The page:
Things that Appear

As a movie, Apparition fails on many levels.  One way that it passes is being free on Amazon Prime, which is how I found it.  The trick with Prime, of course, is that really good movies tend to be available for a limited time, keeping you on the website.  Time is money, after all.  I was drawn into Apparition from the “based on real events” tagline, even though I should know better.  It was a hot, sleepy weekend afternoon, and I’m not a good napper.  I’m not going to worry too much about spoilers here, so if you’re into penance, you might want to wait until after you’ve seen it.  Set at the real life Preston School of Industry—a boy’s correctional institution in California—the boys are tortured and sometimes murdered by the warden and guards.  This is one of the few real-life parts: a housekeeper at the facility was murdered in an unsolved crime at the site.

Fast-forward two decades.  The former warden (the place has been closed), is hosting the lavish rehearsal dinner for his son’s wedding.  The son is unloved (his father is a sociopath, after all), and doesn’t treat his fiancée very well.  Meanwhile a younger son is a nerd who’s developed an app called Apparition.  Through some unexplained technological wizardry, it allows the user to connect to the dead.  Another couple, son and daughter of two of the former prison guards, decide to try it and discover that it works.  When the bride gives it a try it leads the five young people to the Preston School.  There various ghost-hunter startles are used as the ghosts of the murdered boys take their revenge on the offspring of the warden and guards.  The bride discovers her father was a “good cop” and that’s why she wasn’t killed.  The younger son is actually the son of the murdered housekeeper, another of his father’s dark secrets.  The parents come and get what’s due to them.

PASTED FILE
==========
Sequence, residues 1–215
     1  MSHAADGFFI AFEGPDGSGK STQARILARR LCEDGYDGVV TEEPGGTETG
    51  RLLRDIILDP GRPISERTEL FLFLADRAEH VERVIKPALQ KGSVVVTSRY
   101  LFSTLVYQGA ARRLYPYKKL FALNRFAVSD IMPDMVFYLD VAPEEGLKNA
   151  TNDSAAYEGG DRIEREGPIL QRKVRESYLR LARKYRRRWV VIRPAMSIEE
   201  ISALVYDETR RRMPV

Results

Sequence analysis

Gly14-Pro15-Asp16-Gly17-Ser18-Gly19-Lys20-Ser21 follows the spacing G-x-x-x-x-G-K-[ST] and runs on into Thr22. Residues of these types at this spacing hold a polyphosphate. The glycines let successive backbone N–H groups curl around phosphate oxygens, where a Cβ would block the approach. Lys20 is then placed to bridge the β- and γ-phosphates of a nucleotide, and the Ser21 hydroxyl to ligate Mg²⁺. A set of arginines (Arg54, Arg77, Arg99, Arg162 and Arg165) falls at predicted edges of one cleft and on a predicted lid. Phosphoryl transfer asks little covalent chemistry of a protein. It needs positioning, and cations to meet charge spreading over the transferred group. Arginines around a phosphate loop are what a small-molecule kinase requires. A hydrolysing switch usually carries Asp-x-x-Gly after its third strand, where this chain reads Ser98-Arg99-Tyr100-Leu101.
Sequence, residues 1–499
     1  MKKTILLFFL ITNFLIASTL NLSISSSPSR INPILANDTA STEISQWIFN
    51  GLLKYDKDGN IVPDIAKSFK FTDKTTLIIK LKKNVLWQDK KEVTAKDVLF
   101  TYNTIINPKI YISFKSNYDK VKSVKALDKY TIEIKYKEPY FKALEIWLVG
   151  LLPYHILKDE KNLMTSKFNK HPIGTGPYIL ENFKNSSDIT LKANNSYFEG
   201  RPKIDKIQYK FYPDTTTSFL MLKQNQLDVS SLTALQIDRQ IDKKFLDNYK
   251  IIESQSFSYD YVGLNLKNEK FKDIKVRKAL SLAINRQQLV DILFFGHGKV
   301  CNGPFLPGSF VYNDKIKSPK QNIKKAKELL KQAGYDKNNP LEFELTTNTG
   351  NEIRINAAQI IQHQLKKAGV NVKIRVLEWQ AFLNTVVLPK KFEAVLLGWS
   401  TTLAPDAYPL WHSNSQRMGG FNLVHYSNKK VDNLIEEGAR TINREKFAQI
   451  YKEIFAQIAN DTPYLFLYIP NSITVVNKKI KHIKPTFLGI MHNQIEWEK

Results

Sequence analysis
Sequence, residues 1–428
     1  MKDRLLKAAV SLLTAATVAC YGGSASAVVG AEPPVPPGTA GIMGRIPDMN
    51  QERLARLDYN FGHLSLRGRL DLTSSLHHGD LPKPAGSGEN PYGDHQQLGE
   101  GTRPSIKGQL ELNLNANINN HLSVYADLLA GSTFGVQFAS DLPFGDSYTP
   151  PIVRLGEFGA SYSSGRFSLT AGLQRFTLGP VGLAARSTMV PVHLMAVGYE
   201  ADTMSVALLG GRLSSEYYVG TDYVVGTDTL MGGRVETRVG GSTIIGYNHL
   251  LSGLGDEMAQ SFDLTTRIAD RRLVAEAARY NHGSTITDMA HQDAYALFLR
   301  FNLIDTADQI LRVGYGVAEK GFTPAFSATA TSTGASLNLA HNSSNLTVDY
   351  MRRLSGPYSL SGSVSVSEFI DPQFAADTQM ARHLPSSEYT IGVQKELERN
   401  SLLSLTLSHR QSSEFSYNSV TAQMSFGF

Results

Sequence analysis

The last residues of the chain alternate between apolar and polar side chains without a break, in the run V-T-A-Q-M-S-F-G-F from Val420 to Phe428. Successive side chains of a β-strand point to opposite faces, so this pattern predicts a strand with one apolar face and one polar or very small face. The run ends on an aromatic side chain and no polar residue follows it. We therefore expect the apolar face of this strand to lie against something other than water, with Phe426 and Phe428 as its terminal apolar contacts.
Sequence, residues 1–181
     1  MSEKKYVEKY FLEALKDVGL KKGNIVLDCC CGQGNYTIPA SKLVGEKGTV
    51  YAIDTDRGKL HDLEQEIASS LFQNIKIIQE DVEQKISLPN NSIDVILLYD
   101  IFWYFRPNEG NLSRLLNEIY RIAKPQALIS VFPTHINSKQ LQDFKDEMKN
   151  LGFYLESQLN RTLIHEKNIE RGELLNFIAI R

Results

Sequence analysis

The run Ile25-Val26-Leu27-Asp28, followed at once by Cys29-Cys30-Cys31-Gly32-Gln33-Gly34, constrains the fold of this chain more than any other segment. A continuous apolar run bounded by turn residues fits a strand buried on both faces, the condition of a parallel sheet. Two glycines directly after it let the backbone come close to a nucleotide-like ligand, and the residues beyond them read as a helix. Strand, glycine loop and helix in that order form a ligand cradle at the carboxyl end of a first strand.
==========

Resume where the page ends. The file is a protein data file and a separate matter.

What makes this unremarkable film (and very little comment has been given on it) worth discussing here is that during the opening credits a Bible is shown open to Exodus.  The verse called out is 20.5: “Thou shalt not bow down thyself to them, nor serve them: for I the Lord thy God am a jealous God, visiting the iniquity of the fathers upon the children unto the third and fourth generation of them that hate me.”  This isn’t referenced per se in the film, but the warden does suggest the school is a righteous place.  That’s a fairly brief reward for watching, but I hate to waste even a lazy weekend afternoon when it’s too hot to work outdoors.


The Truth, for Free

The Book of Common Prayer, reaching back to my Anglican days, is and always has been in the public domain.  Although the poetic language and culturally relevant phrases could by charged for use, they’re not.  The idea seems right-headed to me.  Although the Church of England, like many other religious bodies, has its own specific theology and approach to things, which it believes is right, as opposed to all other belief systems, it shows its conviction in making its sacred text free.  Copyright exists to protect intellectual property.  If an individual or an institution, or a company, creates something, copyright assures them that nobody else can monetize it without the creator’s permission, and often such permission involves a royalty.  The C of E has foregone that.  Print away!

I tarried many years among the Episcopalians before it became clear to me that I wasn’t exactly the kind of saint they were looking for.  I’ve had to move on, but I very deeply appreciate the integrity of an institution that says, “I made this, but you can have it.  I really believe in it.”  If you’ve decided to print and sell religious books, however, beware the Bible.  Most of the common translations in circulation (apart from the good old King James) are covered by copyright.  Unlike the Church of England, the bodies that sponsor Bible translations expect to be paid for the use of said translation.  This is, in part, a business decision.  They have valuable property—for many the keys of salvation itself—and if you want it you should be willing to pay for it.